A Rapa Nui School Day Exhibit – a Life-size Chess Set
Jul 21, 2020
The incentive for this posting was a real need on my part to smile when thing about the Island right now. These chess pieces were life-size – and visitors could play games with them, a chess set collector’s dream. Obvious from the picture, the Rapanui are very open in depicting the human body, unlike what we are used to with Greek style sculpture They very often depict the male anatomy as shown here – Nan calls it much more interesting. I don’t know why it didn’t occur to me at the time, but I would love to have a smaller set carved to match, to add to our carving collection. Would I want this larger set – you bet. Of course, I can only imagine the carrying case(s) it would require – arrrrgh.
As I mentioned in a previous posting, we loved it when we could attend teh outdoor School Day celebrations. It makes for a day of seeing some wonderful exhibits by the various classes, along with performances. The only negative – and don’t we all have them – is my caution to NOT get the popcorn. Butter and sugar instead of butter and salt sent me to the nearest trash can to spit it out. And it smelled so good. When I asked around I was informed that this is quite common in the Southern Hemisphere. Yuck.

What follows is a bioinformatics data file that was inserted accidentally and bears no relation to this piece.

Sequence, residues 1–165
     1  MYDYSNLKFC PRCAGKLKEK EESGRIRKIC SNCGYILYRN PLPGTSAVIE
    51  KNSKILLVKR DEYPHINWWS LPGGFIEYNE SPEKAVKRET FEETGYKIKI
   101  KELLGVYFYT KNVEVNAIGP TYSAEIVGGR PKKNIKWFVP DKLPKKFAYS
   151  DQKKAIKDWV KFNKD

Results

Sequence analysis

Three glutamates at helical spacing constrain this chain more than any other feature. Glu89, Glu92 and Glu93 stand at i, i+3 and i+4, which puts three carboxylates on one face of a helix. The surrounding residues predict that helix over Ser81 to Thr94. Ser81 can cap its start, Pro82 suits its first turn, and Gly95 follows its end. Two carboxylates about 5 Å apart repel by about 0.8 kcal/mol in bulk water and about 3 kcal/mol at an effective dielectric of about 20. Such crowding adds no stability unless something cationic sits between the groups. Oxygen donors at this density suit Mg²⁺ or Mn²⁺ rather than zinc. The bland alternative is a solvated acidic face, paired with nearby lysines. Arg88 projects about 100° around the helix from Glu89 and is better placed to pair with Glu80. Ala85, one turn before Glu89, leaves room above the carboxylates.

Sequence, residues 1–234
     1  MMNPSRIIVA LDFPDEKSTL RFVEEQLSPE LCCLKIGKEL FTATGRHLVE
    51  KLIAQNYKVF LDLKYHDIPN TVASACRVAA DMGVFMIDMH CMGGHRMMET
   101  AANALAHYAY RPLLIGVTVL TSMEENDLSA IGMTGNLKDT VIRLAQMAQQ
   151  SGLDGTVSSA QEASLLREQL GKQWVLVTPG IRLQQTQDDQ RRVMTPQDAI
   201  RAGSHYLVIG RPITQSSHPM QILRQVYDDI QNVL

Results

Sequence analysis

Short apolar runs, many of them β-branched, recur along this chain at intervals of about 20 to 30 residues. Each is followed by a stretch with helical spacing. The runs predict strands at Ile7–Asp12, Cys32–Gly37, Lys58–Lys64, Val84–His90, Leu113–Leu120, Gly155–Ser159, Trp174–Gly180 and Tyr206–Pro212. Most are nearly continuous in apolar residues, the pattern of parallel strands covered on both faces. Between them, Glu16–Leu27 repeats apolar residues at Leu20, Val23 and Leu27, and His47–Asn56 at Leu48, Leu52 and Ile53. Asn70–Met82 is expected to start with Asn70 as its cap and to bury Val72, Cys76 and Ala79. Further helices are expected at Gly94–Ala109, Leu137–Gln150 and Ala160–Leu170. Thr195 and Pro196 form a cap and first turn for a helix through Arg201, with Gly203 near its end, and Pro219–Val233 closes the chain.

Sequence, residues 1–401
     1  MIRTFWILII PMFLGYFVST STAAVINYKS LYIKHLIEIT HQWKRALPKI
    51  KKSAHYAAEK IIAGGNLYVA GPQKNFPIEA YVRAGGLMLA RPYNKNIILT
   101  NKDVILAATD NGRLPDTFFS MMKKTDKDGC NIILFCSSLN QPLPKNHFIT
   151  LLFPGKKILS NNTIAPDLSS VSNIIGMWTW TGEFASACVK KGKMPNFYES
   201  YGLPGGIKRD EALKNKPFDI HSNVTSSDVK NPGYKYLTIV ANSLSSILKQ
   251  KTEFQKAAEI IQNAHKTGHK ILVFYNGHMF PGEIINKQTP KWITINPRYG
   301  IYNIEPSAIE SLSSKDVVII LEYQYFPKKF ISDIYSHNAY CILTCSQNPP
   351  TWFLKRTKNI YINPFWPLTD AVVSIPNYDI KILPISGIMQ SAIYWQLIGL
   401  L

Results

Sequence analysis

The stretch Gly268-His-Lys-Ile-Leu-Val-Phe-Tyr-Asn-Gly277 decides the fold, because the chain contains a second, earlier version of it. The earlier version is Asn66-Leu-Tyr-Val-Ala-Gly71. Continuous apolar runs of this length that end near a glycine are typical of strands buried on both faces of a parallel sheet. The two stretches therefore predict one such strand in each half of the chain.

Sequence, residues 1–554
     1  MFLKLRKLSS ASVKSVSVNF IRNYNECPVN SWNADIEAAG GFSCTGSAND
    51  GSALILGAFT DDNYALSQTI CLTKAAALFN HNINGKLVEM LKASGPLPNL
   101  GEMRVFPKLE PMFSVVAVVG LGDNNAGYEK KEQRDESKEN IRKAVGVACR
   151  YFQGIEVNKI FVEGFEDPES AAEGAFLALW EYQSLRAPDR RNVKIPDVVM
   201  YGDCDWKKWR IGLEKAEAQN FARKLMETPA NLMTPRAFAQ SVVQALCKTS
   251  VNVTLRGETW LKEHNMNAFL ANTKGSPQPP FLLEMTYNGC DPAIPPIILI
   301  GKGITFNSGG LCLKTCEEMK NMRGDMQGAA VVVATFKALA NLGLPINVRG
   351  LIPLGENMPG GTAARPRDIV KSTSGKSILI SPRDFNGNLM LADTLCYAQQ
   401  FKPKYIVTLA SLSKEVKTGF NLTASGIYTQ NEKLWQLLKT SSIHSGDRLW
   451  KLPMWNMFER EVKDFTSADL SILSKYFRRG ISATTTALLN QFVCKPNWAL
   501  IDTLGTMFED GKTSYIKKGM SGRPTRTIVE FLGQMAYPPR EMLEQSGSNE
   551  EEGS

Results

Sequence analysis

As I review the Island exposures for images to add to the folio, there are a number of additions, mostly rejections, and the few inevitable borderline cases. Thus is life. The two images posted here fall in that category. The chess set worked out pretty well, attaining something of a charcoal sketch look that I sometimes like. The second image, another one of those iPhone grab shots, makes the grade for other reasons – if Shakespeare could utilize moments of comic relief in his tragedies, I can certainly interrupt a folio or exhibit of my work with something of the same.
A large carving outside a public building along the coast in town. Here I had fun circling around it with my iPhone camera and taking a shot that I like to call: They Went That Way.
Then there’s always my own favorite, along with the story behind it in The Moon has been Eaten, my Warrior in Stone, from a Tapati Rapanui coastal carving competition HERE – the 12th image on page 3 of the Easter Island folio (in an exhibit it can be amazing how many people miss the point when they pass the image).